When I was younger and more naïve, when I was attending college in the Northeast and considering how I’d make my way in the world, and when I was much more certain about how things ought to be done, I often said this to my friends: “I could live a lot of places. I’d live on either coast, or even in Texas. I just wouldn’t want to live in the middle. I mean, why would you?”
You can all pause now, and have a nice, hearty laugh at my expense.
Because although I started my grown-up life in Connecticut, moved out to San Francisco and then on up to Seattle, we all know that since that time I have landed squarely in the middle. It’s like I was dropped here. Just plunked down one steamy June day, and left to simmer.
It was temporary, of course. Four years, maybe five and then we’d get on with it. We’d head to Boston or Philly or somewhere like that and start our real life. We’d reunite with old friends and make new ones. First, we just had to get through a few years “out here.”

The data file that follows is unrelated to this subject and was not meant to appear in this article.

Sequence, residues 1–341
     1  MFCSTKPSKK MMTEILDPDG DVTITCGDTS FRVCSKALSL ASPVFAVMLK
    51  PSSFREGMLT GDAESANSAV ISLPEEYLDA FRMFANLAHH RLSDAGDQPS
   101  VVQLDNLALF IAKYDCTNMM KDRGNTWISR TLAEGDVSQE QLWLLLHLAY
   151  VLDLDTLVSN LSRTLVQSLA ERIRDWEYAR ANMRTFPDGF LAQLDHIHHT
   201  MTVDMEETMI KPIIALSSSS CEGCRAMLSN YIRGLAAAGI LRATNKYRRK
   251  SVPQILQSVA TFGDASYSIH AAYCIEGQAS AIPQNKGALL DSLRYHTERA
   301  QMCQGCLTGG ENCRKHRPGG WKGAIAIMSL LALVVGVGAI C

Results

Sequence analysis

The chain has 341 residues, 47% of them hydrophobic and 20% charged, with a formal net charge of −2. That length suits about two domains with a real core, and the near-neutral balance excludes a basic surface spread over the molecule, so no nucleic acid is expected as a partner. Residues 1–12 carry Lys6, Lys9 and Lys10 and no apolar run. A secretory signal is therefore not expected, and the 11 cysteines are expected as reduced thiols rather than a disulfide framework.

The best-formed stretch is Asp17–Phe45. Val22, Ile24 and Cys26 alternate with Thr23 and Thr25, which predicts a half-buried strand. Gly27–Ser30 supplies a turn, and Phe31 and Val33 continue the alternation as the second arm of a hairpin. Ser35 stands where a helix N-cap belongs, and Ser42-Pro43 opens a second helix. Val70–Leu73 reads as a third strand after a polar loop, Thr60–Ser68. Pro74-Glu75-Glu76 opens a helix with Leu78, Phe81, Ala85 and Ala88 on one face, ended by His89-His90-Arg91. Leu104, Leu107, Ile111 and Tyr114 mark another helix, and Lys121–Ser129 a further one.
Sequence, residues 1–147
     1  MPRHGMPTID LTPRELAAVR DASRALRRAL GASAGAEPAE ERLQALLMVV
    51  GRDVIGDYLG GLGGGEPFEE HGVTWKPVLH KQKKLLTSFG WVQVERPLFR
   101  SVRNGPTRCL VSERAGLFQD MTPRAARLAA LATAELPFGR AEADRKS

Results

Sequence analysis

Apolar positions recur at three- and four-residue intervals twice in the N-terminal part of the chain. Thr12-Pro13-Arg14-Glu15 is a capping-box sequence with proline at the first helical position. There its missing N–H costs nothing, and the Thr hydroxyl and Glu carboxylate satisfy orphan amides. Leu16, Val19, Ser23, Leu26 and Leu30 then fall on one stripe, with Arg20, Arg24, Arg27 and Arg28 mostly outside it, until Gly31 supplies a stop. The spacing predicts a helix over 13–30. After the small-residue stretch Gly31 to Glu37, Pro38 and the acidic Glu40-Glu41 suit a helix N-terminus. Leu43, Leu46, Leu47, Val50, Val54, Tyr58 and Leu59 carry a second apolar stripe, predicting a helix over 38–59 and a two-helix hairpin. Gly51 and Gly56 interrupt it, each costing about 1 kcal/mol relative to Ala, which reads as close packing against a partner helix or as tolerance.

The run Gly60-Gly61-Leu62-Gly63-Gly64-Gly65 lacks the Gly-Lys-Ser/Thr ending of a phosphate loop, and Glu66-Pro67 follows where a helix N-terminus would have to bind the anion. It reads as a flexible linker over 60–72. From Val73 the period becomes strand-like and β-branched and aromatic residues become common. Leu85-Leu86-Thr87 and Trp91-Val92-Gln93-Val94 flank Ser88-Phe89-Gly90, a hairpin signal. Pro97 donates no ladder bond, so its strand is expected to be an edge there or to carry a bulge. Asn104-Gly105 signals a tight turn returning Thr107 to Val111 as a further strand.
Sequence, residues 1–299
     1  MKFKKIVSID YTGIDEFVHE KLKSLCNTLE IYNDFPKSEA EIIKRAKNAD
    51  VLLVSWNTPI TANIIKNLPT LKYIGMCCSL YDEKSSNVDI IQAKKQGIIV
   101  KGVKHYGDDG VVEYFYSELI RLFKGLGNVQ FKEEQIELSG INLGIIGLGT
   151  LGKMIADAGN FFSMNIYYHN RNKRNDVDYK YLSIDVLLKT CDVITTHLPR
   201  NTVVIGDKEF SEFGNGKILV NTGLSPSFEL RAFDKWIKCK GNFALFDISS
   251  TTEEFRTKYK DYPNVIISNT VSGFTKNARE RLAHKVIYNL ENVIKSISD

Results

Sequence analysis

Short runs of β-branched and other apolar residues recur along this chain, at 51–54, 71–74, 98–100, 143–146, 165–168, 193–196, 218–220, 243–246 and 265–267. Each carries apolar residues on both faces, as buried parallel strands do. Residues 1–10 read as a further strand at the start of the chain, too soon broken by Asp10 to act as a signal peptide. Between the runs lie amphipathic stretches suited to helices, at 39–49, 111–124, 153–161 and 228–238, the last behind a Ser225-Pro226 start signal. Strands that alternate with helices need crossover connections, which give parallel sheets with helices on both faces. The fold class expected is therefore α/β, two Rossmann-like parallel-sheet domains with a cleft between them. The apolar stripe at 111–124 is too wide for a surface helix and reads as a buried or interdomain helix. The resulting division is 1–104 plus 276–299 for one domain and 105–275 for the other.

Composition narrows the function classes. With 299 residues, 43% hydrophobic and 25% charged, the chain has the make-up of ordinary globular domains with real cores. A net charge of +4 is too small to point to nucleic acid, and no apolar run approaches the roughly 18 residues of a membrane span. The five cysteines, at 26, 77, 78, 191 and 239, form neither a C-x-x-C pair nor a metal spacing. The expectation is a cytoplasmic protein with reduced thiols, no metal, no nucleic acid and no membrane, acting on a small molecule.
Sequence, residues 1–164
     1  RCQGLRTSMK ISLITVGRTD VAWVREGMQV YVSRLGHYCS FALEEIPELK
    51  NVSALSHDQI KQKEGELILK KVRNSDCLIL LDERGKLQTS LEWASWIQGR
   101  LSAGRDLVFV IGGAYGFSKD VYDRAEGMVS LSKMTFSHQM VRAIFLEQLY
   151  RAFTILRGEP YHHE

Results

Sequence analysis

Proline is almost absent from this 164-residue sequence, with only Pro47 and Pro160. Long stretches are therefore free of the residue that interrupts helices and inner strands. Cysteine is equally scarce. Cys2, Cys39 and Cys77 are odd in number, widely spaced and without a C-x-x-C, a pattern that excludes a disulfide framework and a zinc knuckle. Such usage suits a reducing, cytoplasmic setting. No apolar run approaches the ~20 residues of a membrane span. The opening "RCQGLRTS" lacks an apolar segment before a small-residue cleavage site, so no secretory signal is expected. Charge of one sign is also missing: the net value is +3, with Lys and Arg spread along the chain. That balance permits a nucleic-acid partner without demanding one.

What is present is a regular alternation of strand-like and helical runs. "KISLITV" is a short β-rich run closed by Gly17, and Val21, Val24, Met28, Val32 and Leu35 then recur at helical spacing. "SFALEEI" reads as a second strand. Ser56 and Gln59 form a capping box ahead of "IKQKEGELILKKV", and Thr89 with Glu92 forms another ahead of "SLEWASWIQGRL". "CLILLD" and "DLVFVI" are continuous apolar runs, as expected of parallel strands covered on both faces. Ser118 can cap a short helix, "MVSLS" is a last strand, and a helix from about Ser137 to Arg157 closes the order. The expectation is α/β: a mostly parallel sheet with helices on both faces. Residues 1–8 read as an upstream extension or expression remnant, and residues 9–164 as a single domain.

But slowly and surely our roots went down and our kids shot up and somehow ten years has gone by and, still, here we are. We’re no longer newcomers. We’re not temporarily misplaced East Coasters, although I admit to still feeling that way on occasion. Here, where we came for a few short years, we now have some very close friends and lots of fun and funny acquaintances. We have commitments. We have bible study groups, and book clubs, and I, for one, have my Ladies Who Lunch. We’re involved with our kids’ schools and our church. Somewhere along the way, the middle has become as much our home as anywhere else once was.
It’s funny how that happens, isn’t it?
We wonder, now and then, what will happen next, when our boys really grow up and get a life of their own. Will they stay? Will we? But the thing we’ve learned, I think, is that in the end, it isn’t the place that matters. Friends and fun and laughter and tears and life are anywhere. They’re everywhere. You just have to stay long enough to experience and embrace them.
photo credit: Daniel Voyager